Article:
REVIEW: A Hidden Life [2019]

We lived above the clouds. With notoriously long post-production periods due to his uniquely poetic editing style, Terrence Malick‘s three-hour WWII romance A Hidden Life may have actually benefited from its three-year delay as far as thematic relevance to current events is concerned. As a rising tide of fascistic totalitarianism takes hold of world governments (including partisan blindness in the United States), a rarely told story like that of conscientious objector Franz Jägerstätter becomes more important than ever. While it might have been lost in 2016’s shuffle, seeing it now…

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REVIEW: Allied [2016]

“Look for the hummingbird” Sometimes that story you’ve had bouncing around your head needs time to gestate and your career the opportunity to blossom before it can be released upon the world. For Steven Knight it was a bit of both. Already nominated for an Oscar back in 2004 for the brilliant Dirty Pretty Things, the screenwriter soon wrote Eastern Promises before directing the intriguing one-man show Locke. A couple underrated gems (Pawn Sacrifice), some duds (Seventh Son), and a critically acclaimed television series later (“Peaky Blinders”), he finally put…

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REVIEW: Night Train to Lisbon [2013]

“When dictatorship is a fact, revolution is a duty” Sometimes a well-written story is all you truly need to make a successful film and I believe author Pascal Mercier‘s novel Night Train to Lisbon provides one. Adapted by Greg Latter and Ulrich Herrmann with Bille August as director, the cinematic version of this look back at romance in a time of revolution unfolds with its melodic Annette Focks score as though we’re sitting over a cup of tea across from each character as they tell their part in the mystery…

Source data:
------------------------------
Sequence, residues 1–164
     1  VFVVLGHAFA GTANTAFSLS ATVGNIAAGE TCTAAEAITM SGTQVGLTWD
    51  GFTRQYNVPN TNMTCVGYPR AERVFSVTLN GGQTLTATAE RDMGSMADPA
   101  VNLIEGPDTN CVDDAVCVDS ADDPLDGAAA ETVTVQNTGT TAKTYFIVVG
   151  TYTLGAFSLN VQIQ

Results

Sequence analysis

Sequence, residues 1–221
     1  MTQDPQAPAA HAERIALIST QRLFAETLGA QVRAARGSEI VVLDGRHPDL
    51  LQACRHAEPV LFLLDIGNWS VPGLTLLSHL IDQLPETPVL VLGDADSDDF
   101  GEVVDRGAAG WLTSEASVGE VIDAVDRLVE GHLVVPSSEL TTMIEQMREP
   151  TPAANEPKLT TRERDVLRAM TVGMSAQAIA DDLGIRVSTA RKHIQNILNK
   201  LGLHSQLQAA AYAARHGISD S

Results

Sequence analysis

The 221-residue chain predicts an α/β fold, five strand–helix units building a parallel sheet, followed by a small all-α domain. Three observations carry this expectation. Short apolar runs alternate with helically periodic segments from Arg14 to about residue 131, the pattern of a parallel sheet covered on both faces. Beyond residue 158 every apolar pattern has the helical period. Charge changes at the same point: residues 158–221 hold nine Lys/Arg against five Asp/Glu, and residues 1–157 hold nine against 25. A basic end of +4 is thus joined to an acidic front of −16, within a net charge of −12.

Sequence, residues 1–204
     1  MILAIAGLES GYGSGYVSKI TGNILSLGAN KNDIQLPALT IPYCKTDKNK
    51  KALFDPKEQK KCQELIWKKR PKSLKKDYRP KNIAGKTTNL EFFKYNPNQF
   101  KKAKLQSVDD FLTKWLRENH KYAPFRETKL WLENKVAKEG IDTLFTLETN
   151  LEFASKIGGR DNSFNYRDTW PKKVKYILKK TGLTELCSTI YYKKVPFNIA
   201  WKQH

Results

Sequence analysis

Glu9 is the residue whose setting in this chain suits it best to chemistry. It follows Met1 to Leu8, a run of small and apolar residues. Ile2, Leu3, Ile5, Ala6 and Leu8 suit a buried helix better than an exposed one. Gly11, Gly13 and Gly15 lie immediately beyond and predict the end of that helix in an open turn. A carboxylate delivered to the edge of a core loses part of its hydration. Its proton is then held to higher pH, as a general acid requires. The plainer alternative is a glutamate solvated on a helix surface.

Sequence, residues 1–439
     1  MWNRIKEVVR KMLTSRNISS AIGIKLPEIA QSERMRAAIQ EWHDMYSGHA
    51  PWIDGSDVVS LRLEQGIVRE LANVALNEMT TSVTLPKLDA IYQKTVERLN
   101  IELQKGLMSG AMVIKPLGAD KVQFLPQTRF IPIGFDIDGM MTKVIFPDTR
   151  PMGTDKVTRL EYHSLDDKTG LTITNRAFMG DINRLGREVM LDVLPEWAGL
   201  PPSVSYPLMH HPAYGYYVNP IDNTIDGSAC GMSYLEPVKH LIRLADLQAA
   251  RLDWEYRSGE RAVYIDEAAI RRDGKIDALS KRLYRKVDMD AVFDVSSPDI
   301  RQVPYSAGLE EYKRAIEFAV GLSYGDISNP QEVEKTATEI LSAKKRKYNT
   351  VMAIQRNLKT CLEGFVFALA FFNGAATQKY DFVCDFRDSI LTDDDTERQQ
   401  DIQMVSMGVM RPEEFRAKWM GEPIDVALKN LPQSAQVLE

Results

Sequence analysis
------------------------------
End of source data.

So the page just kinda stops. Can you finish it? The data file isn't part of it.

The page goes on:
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TIFF12 REVIEW: Wir wollten aufs Meer [Shores of Hope] [2012]

“Hope dies last, Schmidt” It’s East Berlin, 1984—an entire nation under the Stasi’s watchful eye. Freedom is near impossible without risk of arrest or bullet courtesy of a botched escape west, the life of a sailor a young man’s one legitimate avenue out. With destination an afterthought, the open sea becomes every lucky appointee’s gateway to the world and a future. But like all oppressive regimes, false hope keeps the unhappy rabble in line. If workers strive to please, the promise of reward succeeds despite its empty, manipulative lie. Unable…

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REVIEW: Salt [2010]

“Are you selling secrets for chemo?” The question is, who is Salt? Two years ago she was a falsely imprisoned utilities corporation worker being water-boarded by the North Koreans; an unspecified amount of time after she is a CIA operative who has been saved and traded back to the US, not by her bosses, but by the cover boyfriend who fell for her and started making waves in political circles; and, in the present day, she is accused of being a Russian covert plant—a part of the Soviet Union’s insane…

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REVIEW: Die Fälscher [The Counterfeiters] [2007]

“A day is a day” It is very interesting how it seems that every film about the Holocaust becomes a modern classic. Die Fälscher [The Counterfeiters] is the latest attempt to breathe life into the subject by showing a true tale of how the Nazis bankrolled the end of the war with fake currency. The story itself is very intriguing and worth a history lesson, but as far as a film, what we really are given is one more concentration camp experience. There are the Nazis inflicting brutality on the…

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